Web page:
Postdigital futurism, like its virtual reality twin, acknowledges the influence of technological meditation on reality, but deflects responsibility for the nature of the mediation away from its designers. For as populist as a technology that dynamically responds to users seems, to label it as more natural, humane, real presumes (a) that designers know what’s best for users and (b) that the experience of one kind of interaction could be universalized. These presumptions not only rank experiences as more or less “real,” they echo the same knowing paternalism that just as often moralizes encroachments on agency, from Facebook’s manipulation of our sociality to the NSA’s mission of total surveillance chartered under the guise of “homeland security.” Just as we should ask, whose homeland, whose security?, we should ask, technological affordances for whom?. Just as we ought to avoid analysis that ranks ‘physical’ experience over its digital corollary, we should question rhetoric that prizes a particular kind of digital interaction over others.
While judgement of augmented and virtual reality headsets will have to wait until their release, if early reports are an indication, interacting with holograms is more conspicuous than tapping on screens. As the Verge’s preview notes, “It’s basically incredible to see these digital things in real space.” Mundane activities that we perform almost unconsciously through screens feel enchanted, otherworldly as holograms superimposed onto the environment. Although the promise and actual experience that these devices might afford deserves evaluation of its own, to insinuate that holograms or some other future ideal might yield a more “real,” “natural” or authentic experience than our already augmented reality resembles less prophecy than the apocryphal projections of their creators, magicians deceived by the allure of believing their own illusions.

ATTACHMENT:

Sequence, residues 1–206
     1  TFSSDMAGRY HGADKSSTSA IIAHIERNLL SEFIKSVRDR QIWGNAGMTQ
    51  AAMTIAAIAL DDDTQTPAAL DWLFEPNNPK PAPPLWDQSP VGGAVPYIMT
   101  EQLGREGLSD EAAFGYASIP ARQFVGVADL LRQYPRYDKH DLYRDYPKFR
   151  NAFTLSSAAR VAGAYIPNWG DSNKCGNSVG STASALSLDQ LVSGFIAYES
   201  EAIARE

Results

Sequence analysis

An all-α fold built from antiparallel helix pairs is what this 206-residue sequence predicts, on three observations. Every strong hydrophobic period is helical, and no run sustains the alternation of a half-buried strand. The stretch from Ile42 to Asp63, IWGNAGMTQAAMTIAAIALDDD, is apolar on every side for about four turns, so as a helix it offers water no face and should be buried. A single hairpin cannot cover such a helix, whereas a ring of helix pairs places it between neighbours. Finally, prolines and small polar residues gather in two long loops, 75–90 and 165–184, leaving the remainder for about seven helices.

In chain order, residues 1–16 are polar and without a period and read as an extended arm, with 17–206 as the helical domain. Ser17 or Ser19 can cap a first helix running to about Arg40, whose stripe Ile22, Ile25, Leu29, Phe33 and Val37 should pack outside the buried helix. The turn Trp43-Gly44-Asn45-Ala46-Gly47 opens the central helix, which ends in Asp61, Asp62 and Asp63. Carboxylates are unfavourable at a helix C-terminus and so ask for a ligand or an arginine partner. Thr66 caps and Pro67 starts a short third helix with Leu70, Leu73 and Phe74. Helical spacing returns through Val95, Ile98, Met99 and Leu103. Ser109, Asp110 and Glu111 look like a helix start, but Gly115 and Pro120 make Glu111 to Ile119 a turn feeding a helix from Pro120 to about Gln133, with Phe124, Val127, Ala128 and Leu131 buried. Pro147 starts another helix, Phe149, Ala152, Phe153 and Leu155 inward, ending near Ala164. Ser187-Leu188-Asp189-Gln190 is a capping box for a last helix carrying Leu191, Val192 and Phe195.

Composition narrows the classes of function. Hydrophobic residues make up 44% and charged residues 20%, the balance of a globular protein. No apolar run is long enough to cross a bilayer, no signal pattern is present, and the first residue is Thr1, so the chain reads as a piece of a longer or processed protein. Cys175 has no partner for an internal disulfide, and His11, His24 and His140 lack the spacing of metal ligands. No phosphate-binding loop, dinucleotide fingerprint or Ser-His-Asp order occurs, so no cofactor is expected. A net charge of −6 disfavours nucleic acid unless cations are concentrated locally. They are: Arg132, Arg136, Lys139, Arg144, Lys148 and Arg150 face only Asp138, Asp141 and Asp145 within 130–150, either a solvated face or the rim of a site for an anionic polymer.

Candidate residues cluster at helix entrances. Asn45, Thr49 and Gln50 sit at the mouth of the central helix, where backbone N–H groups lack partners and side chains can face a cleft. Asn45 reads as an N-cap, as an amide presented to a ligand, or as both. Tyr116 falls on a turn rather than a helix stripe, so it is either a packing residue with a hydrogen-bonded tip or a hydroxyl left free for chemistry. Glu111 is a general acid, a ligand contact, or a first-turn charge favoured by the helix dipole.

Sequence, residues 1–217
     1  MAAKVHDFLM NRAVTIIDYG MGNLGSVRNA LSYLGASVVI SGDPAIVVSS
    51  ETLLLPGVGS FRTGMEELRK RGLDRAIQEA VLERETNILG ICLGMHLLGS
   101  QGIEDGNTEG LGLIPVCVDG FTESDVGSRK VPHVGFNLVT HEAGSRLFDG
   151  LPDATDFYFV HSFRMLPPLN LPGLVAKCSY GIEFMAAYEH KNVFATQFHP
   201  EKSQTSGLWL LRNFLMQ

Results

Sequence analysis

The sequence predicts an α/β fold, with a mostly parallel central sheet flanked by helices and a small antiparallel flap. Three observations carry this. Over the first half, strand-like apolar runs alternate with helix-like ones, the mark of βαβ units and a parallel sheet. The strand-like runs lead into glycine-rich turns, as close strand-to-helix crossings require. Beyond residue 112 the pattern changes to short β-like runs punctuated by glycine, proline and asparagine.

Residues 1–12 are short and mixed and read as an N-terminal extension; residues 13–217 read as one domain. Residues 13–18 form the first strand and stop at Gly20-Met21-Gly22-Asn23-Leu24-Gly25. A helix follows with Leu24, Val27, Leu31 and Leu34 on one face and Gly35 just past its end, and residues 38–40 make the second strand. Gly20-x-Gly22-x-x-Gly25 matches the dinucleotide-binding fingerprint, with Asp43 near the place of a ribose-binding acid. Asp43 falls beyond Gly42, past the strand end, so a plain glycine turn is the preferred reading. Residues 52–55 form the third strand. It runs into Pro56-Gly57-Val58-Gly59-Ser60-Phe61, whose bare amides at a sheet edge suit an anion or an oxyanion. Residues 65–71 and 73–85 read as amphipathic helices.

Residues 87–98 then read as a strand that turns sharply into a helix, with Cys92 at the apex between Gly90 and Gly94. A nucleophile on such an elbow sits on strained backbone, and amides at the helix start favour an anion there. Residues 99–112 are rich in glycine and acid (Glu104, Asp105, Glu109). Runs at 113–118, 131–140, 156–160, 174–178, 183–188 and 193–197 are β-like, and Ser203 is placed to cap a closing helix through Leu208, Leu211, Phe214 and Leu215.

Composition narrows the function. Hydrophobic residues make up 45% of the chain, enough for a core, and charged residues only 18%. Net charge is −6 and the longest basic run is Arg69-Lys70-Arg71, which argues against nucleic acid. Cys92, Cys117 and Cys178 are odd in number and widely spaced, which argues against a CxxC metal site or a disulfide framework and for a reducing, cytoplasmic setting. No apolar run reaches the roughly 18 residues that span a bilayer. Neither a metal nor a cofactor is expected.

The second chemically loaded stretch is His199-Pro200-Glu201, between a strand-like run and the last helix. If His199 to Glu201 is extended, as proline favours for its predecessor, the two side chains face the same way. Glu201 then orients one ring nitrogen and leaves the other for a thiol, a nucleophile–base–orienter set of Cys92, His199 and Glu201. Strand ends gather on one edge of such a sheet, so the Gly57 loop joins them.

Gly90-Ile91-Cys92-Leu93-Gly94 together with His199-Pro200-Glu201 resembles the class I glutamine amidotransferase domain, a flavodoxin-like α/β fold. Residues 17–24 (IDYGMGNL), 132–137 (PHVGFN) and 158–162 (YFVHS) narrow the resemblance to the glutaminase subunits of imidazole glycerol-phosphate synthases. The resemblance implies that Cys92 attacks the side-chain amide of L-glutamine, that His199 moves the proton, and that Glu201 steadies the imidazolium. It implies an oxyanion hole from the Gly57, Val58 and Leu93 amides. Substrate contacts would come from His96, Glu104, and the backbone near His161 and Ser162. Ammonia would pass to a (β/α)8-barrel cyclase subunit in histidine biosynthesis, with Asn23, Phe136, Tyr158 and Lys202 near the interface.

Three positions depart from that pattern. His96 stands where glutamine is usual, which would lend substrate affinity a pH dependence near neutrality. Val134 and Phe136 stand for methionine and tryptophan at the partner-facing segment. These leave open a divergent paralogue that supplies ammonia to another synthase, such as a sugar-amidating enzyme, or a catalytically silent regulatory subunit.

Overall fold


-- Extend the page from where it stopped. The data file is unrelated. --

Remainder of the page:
As futurists try to extract digital artifacts from the screen, they downplay its existing relationship to humanity as one primarily between our fingers and the screen. If one of the promises of technology is its capacity to act as an extension of our bodies, turning it into matter would place it distinctly outside of the body. As envisioned, this hyper-real augmentation of reality would seemingly constrain the possible desires expressible through it to ones representable as objects. What this vision ignores is how thoroughly we are already entangled with digital technology, its logic burrowed into us, even in moments away from screens; to disentangle us from it and shackle it to material artifacts would not necessarily amplify human ability so much as constrict our complex relationship with and interactions mediated through technology, a quintessential element of being human.
Nathan Ferguson is a recent creative writing graduate who resides in a hologram called the Midwest. You can tweet him @natetehgreat, read his infrequently updated blog or browse his more frequently updated pinboard.